It has been seen that slow
or thermal
neutrons are very efficient at inducing nuclear reactions  hence fast
neutrons sometimes need to be moderated.
 Slow neutrons are thus a product of many elastic
collisions with nuclei. In all cases the conservation of
momentum applies:
S (mass × velocity)_{before}
= S (mass × velocity)_{after}
 Therefore if you take the mass of a neutron to be 1, and the mass of
the target nucleus = A:
where E_{0} 
= original neutron energy, and 
E 
= neutron energy after collision 
 The average change in the 'ln' of energy is called x
and is proportional to the slowing down power and
moderator ratio.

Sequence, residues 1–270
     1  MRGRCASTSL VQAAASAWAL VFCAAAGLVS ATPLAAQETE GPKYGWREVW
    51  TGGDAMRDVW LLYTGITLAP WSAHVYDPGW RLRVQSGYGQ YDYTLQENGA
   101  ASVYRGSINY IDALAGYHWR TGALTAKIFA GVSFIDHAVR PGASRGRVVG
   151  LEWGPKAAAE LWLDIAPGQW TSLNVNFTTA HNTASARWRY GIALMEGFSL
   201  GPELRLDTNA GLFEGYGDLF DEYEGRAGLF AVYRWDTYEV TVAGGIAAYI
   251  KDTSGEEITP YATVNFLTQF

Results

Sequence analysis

Each neutron has a unique history and overall we can only deduce the
average behaviour, hence only the average cosines (cos
q) of the angles scattered. The
average scattering parameter arises as the average loss of energy is
proportional to the precollision energy.
x
(Greek 'Xi')  As the neutrons go slower, the energy loss per
collision becomes smaller.

where
(A = atomic mass)
This shows why light elements are used as moderators (e.g. H_{2}0).
For hydrogen, A=1 and a=0, so the neutron loses
all its energy.
Slowing down power (SDP)  A large x
is of little importance unless there is a high probability of scattering
reactions taking place.
 SDP = x × S_{S}
where S_{S} = macroscopic
scattering cross section of the moderator for epithermal neutrons.
 S_{S} = N_{0} × s_{S}
where N_{0} = atoms per unit volume and s_{S}
= microscopic cross section.
Moderator ratio (MR)  Compromise between too
much moderation and good slowing down power.